Law Firm E-Discovery Reaches Crossroad

, The Legal Intelligencer

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Litigation support departments in law firms — now largely tasked with helping attorneys manage nonlegal e-discovery services for clients — are at a crossroad: invest or divest.

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What's being said

  • Tom Morrissey

    I often wonder how a law firm's management would develop a business plan around e-discovery. The ROI on the discovery segment is clearly driven by the firms clients and the need to litigate. It’s hard for a law firm to compete outside their client base for discovery dollars, but I presume it could be done. Do Law Firm Management teams plan for the long term or simply the active base of clients? Lawyers at firms need to consider the clients (corporations) appetite for firm processing/hosting as it can sometimes lead to strained relationships if the work is not well received. (Shopping new vendors is easier than shopping new law firms) As the article points out, vendors are focused on corporations and have the business model and staffing to manage ebbs and flows. I hope that law firms considering their options look down the road at all the options available. Jason Lichter stated the it well when he said the “focus is on ensuring we provide the best litigation discovery support to clients”.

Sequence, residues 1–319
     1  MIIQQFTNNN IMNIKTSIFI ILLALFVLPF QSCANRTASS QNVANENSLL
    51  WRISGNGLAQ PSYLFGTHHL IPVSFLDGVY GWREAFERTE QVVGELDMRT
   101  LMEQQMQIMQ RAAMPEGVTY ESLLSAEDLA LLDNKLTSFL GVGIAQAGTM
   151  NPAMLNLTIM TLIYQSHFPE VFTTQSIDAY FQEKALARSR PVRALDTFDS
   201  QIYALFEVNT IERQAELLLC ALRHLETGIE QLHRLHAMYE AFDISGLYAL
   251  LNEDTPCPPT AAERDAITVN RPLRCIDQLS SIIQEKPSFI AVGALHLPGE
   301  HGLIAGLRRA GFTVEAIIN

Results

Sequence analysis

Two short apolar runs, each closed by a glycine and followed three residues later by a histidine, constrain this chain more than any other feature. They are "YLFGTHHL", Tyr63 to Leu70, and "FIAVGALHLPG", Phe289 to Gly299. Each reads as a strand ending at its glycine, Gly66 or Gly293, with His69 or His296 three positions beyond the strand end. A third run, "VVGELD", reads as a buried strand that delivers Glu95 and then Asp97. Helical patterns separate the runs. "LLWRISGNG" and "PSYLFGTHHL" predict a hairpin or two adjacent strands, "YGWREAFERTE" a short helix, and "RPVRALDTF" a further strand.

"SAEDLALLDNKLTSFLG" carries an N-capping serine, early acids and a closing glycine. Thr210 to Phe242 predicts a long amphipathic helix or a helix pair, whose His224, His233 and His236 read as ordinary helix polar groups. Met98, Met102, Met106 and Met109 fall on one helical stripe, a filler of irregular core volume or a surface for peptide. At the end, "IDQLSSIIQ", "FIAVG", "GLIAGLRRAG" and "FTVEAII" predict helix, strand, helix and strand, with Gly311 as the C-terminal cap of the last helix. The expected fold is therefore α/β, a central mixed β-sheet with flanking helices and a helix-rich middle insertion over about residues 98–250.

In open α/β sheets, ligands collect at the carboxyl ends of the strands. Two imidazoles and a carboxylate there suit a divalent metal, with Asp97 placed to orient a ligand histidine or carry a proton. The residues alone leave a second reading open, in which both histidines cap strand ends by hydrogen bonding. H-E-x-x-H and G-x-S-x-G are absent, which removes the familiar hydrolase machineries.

TM

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